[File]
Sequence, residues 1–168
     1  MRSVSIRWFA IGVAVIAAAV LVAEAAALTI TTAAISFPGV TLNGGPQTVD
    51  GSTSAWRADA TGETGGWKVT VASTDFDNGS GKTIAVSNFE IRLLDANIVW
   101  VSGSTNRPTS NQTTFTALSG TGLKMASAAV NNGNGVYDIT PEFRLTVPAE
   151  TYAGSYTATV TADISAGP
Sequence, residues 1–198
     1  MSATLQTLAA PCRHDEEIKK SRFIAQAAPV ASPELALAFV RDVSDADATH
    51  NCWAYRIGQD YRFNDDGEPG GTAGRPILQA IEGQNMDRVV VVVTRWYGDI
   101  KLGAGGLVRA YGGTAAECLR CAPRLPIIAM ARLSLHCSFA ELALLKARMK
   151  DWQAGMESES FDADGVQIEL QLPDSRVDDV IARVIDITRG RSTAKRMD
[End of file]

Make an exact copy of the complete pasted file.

Sequence, residues 1–168
     1  MRSVSIRWFA IGVAVIAAAV LVAEAAALTI TTAAISFPGV TLNGGPQTVD
    51  GSTSAWRADA TGETGGWKVT VASTDFDNGS GKTIAVSNFE IRLLDANIVW
   101  VSGSTNRPTS NQTTFTALSG TGLKMASAAV NNGNGVYDIT PEFRLTVPAE
   151  TYAGSYTATV TADISAGP
Sequence, residues 1–198
     1  MSATLQTLAA PCRHDEEIKK SRFIAQAAPV ASPELALAFV RDVSDADATH
    51  NCWAYRIGQD YRFNDDGEPG GTAGRPILQA IEGQNMDRVV VVVTRWYGDI
   101  KLGAGGLVRA YGGTAAECLR CAPRLPIIAM ARLSLHCSFA ELALLKARMK
   151  DWQAGMESES FDADGVQIEL QLPDSRVDDV IARVIDITRG RSTAKRMD